Today Notes and Domino Feature Pack was released. It’s good to see a developer-heavy release finally delivered. Apart from the Extension Library on OpenNTF, developers have had little to engage their interest over the last three years. But FP8 is a marquee release for developers and app dev server users.
The most noteworthy point for XPages developers is that the latest Extension Library release has been rolled back into the core, including the Name Picker, Value Picker and other features I’ve contributed to Extension Library over the last couple of years. This can be seen both for the server (<Domino>\osgi\shared\eclipse\plugins folder) and for Designer Designer (<Notes>\framework\shared\eclipse\plugins folder) with versions that are called com.ibm.xsp….._9.0.1_v08_00_20170228-0813.jar.
However, if you rely on Domino Designer local preview, you will need to copy all those plugins, because Designer local preview looks to <Notes>\osgi\shared\eclipse\plugins folder instead. It’s a shame this was missed because it’s not the first time plugins have been missed and was one of the first things I checked when installing the client beta in the middle of January, and I highlighted the omission.
My strong recommendation though it to develop against a local Domino server on your workstation, and I am hopeful IBM will sort out the licensing for at least developers who work for a customer in support. It’s standard for modern web development to have a full local server, it’s the only real way to develop for debugging or plugin development, and I’m not the only one to recommend it. I certainly could never have delivered all the sessions I have promoting IBM software at user groups, Lotusphere and IBM Connect, unless I had a local Domino server.
On the server side, we finally have Java 8 available. It’s currently just available to plugins and web applications, but it means things like OpenNTF Domino API can start to leverage Java 8 classes and syntax. Just in case you don’t believe me, here’s a screenshot of the output from a REST service using the OpenNTF Domino API Starter REST servlet:
The only caveat is that the Execution Environment has to be blank. When you create a new plugin, this will default to e.g JavaSE-1.6 or JavaSE-1.8, like this.
If you leave it like that, the plugin will fail to load and if you diagnose it on the console, you’ll see this message:
To get it to work correctly, you just need to set the JRE to something that uses 1.8 (I’m using XPages SDK, so I set it to my XPages Domino JRE), and remove that Execution Environment from the plugin.xml. Eclipse will give you a warning, but it will compile fine and run fine on the server – as seen from the REST plugin screenshot I showed.
New Classes and ODA
There are a number of new classes, IDVault and UserID, and methods for encryption available. I’ve not really dug into those in detail, but I am sure they will be useful to many.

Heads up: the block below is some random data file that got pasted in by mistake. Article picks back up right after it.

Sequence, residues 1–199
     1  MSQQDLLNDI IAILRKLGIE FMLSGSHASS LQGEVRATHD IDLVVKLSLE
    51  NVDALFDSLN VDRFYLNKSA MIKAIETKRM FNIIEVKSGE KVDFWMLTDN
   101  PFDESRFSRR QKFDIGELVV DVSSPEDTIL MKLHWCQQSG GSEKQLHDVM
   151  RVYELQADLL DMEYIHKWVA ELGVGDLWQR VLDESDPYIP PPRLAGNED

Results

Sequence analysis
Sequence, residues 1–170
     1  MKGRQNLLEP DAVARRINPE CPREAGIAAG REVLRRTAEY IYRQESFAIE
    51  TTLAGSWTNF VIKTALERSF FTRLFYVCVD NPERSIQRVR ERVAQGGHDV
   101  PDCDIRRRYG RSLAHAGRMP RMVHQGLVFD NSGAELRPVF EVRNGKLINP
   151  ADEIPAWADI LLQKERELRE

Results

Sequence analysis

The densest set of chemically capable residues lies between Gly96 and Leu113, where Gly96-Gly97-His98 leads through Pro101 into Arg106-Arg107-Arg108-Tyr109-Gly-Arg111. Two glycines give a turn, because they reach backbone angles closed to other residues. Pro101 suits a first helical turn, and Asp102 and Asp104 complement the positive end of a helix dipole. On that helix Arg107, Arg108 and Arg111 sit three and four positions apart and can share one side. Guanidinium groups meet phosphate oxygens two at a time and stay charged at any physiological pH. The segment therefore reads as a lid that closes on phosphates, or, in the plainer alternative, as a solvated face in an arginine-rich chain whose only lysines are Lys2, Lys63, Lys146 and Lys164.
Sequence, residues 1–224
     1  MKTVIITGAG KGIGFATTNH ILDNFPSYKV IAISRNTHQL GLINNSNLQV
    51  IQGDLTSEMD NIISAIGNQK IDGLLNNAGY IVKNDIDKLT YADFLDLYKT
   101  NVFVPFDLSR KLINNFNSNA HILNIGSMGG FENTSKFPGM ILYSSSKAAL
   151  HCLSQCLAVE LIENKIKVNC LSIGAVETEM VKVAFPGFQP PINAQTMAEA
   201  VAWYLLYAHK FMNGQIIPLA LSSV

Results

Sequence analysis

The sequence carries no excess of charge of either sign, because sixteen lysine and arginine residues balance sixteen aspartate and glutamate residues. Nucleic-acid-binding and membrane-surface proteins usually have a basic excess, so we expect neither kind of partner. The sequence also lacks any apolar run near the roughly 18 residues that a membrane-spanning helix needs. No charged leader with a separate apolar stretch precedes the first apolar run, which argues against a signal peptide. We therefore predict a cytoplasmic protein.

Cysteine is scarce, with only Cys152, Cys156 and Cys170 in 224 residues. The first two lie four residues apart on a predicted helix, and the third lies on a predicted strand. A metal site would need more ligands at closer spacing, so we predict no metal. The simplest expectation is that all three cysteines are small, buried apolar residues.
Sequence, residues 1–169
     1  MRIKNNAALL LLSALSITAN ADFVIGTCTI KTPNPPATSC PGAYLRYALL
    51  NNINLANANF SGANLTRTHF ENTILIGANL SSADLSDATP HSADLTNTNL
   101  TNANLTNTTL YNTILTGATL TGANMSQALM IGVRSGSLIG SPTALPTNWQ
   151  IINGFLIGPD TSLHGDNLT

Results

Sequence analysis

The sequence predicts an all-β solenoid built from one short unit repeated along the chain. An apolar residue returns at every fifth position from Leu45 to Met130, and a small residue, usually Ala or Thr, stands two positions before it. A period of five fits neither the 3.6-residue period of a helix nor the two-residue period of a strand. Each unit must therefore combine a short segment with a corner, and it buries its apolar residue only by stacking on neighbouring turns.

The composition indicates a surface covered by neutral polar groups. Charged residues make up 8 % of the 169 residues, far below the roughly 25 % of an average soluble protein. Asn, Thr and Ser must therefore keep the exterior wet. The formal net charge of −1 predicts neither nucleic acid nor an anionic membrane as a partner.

This obviously has an impact to ODA (OpenNTF Domino API). Because we’re extending the core API, we need to include those new classes and methods in order to compile. What with this and the ability to integrate Java 8, it makes sense to create a firm break – future versions will only support FP8+. We will be releasing ODA 3.2.0 later this week, which will be the last full release to support 9.0.1 up to and including FP8. That will still be available as a branch for any critical fixes, but will not be actively enhanced. Instead, we will promote the new FP8 branch to the develop branch and release version 4.0.0 shortly thereafter which will support 9.0.1 FP8. The branch that supports FP8 is already on Stash, pushed up this afternoon, and I’ve been using it against FP8 beta for some months. (The branch is actually called FP8_1, because I had problems with reverting changes in my original FP8 branch!) If you need an update site release of that, let me know on Twitter / Slack / Skype and I can post it.
ODA REST Plugin Starter Update
Finally, an update on the ODA REST Plugin starter I published on OpenNTF recently. I’ve recently spent time converting it to a Maven project and then into a Maven artifact. What does this mean? Basically, you’ll be able to just choose New > Maven Project, select the Maven artifact (i.e. template), configure things like the package name, contextRoot and url-mapping in the wizard, and get a fully functioning plugin, feature and update site project. When it’s then built with Maven, it will automatically generate a zipped Update Site ready to install on the server. It will basically make setup, development and deployment considerably easier. At the worst, you’ll need to download the Maven artifact, but hopefully we’ll find a way for that to be hosted.
Once I have confirmed the setup on a clean environment, I’ll also create a NotesIn9 showing everything and elaborating on why I think this is my preferred option for a REST service.